Edited questions from Apartment Life, Sara Gebhardt's online discussion about rental issues.

QALEXANDRIA: The townhouse I am renting had raccoons in the attic that I have run off, but the smell from the occupation still lingers. I also have a water leak in the basement that has produced mildew growth. These items have been verbally told to the landlords, but the issues have not been resolved. I am thinking of withholding rent to force them to resolve these issues. What is the best way to go about a legal recourse?

APut your complaints in writing. Before you withhold rent, you need proof that your landlords have not done their best to solve the problems in a reasonable amount of time. After sending the letter, give them a reasonable amount of time -- if it's a health issue, this may be just a few days -- to respond. When they don't, you should probably report the violations to your local housing office. Withholding rent is usually a last resort. If you do so, you usually have to set up an escrow account and deposit your rent there until the problems are solved.

RICHMOND: I'm moving to the D.C. area for a new job in a few weeks, and I need a roommate. I've asked all my friends in the area and no one knows anybody. Has anyone had a good or bad experience posting for a roommate on Web sites? How safe is it? What questions should I ask a potential roommate? I have only lived with friends before.

The key to trusting strangers and turning them into roommates is asking the right questions. If you're nervous about meeting people from an online posting, talk on the phone and e-mail for a while before allowing them to see your apartment.

Depending on what is important to you in a roommate, you should ask candidates about their employment, rental history, cleaning habits, social habits, whether they have significant others who will be around a lot, pets, how long they plan to stay, etc.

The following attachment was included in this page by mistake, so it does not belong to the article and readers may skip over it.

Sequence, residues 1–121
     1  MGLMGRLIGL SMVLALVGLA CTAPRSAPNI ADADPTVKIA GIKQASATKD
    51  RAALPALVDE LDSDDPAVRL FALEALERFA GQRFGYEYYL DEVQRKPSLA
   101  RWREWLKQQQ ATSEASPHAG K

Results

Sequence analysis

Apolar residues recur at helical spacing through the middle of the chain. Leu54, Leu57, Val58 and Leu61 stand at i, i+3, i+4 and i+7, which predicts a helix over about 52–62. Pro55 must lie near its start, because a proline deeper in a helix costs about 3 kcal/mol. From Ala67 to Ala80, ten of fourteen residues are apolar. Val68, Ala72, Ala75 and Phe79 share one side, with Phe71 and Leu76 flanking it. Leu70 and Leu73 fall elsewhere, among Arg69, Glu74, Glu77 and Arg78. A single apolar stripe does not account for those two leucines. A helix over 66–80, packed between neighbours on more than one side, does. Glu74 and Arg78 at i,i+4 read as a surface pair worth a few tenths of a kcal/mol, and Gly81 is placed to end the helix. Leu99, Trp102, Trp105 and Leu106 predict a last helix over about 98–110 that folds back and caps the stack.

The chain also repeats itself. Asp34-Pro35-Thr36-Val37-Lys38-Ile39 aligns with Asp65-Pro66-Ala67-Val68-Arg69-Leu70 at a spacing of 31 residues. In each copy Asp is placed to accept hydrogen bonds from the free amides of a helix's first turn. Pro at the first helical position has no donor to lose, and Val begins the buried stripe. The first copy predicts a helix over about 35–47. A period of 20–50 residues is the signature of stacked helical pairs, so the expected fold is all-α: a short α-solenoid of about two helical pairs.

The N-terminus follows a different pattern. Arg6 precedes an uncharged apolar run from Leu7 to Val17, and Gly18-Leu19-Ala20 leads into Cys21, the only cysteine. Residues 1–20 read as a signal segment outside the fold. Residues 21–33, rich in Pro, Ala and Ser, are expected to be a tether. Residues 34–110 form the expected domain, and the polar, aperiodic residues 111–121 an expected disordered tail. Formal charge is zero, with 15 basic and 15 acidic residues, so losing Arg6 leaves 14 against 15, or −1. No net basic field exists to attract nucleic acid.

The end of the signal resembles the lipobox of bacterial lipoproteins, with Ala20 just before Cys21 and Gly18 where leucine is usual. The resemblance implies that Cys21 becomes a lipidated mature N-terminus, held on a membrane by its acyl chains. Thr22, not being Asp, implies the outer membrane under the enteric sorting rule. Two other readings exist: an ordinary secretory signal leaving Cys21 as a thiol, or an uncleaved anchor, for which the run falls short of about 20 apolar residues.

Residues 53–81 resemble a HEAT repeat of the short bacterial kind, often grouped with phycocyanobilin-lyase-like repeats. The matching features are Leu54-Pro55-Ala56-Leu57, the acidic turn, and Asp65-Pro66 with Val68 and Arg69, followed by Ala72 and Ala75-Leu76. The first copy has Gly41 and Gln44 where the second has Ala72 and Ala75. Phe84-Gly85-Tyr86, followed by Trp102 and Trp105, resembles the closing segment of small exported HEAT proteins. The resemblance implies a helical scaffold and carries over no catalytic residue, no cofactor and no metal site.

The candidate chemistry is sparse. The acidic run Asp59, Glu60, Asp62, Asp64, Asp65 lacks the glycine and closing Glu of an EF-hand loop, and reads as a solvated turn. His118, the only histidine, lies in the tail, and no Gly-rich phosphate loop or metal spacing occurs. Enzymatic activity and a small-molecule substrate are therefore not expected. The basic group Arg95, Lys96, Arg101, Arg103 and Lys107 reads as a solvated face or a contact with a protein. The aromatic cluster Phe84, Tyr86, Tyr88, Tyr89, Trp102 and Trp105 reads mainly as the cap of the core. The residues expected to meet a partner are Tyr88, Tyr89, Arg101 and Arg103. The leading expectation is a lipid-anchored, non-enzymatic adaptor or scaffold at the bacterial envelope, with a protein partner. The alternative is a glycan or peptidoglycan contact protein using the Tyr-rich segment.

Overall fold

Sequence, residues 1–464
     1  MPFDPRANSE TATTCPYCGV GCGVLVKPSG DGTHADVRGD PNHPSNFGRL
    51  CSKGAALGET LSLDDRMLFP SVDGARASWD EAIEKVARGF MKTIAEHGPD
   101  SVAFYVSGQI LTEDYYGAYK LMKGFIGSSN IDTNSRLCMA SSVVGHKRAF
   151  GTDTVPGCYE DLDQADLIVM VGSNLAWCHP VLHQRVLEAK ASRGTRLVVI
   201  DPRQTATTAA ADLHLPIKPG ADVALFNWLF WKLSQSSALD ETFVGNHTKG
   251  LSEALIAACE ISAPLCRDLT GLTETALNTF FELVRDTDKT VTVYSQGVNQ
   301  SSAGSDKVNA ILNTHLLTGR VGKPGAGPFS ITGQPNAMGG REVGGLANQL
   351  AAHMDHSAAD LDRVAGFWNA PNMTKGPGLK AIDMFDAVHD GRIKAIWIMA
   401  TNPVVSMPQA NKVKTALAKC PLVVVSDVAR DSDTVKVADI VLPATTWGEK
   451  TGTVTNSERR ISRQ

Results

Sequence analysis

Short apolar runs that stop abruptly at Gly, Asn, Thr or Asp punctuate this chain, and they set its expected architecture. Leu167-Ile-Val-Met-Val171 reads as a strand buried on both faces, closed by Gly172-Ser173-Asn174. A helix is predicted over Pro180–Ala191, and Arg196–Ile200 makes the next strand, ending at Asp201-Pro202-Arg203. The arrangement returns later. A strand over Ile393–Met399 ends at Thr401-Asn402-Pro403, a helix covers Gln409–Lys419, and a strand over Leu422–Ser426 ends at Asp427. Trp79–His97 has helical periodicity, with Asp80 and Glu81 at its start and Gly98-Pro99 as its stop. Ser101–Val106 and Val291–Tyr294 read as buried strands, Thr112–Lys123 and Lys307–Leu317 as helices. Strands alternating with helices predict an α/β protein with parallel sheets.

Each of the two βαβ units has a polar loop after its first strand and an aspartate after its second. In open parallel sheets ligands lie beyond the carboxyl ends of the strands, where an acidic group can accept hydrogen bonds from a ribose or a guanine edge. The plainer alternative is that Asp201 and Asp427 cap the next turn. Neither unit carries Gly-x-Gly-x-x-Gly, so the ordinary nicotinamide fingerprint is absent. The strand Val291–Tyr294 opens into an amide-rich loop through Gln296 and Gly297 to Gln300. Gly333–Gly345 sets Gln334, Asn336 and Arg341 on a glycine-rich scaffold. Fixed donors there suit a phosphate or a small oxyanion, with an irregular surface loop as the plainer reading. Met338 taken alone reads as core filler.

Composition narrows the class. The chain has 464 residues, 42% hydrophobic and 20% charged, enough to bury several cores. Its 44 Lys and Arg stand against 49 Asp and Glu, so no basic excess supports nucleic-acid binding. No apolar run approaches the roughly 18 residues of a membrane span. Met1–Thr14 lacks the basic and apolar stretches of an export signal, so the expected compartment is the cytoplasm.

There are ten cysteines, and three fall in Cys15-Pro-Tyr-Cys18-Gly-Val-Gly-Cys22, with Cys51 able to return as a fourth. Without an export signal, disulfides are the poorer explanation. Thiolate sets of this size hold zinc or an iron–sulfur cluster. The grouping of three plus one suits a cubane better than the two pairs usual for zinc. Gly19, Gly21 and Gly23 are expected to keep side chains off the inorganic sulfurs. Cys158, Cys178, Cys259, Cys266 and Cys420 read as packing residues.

First you need to know that they can pay their rent, and then you should figure out if you could cohabitate easily.

The more you know, the fewer surprises. Also, check references.

FAIRFAX: I'm looking to move out of my apartment at the end of my lease. I asked the management company about notice, and it told me 60 days' notice. Management never gave me a copy of my lease, so I can't check it, but is that normal?

Sixty days is normal. Notice usually ranges from 30 to 60 days. Incidentally, you should always get a copy of your lease upon move-in. If you don't have it, you can ask for another copy.

WASHINGTON: I am renting an apartment and have a contract on a new condo. I am waiting to hear from the builder to schedule a closing date. The builder tells me it will be ready to close at the beginning of September, but the builder won't schedule a date. I need to give 30 days' notice to vacate my apartment, and cannot prolong that move-out date. I cannot afford to pay rent and mortgage at the same time. Do you have any advice on when to give notice? I am worried that the builder will delay closing and I will be stuck with no place to live.

Because you cannot afford to pay both rent and mortgage at the same time, give notice now and ask your landlord if, after 30 days, your condo's still not done, you can continue to live there paying a pro-rated rent.

Sara Gebhardt's Apartment Life column appears biweekly in this section, and her Web chat appears monthly on www.washingtonpost.com. The next chat is scheduled for Sept. 2 at 2 p.m.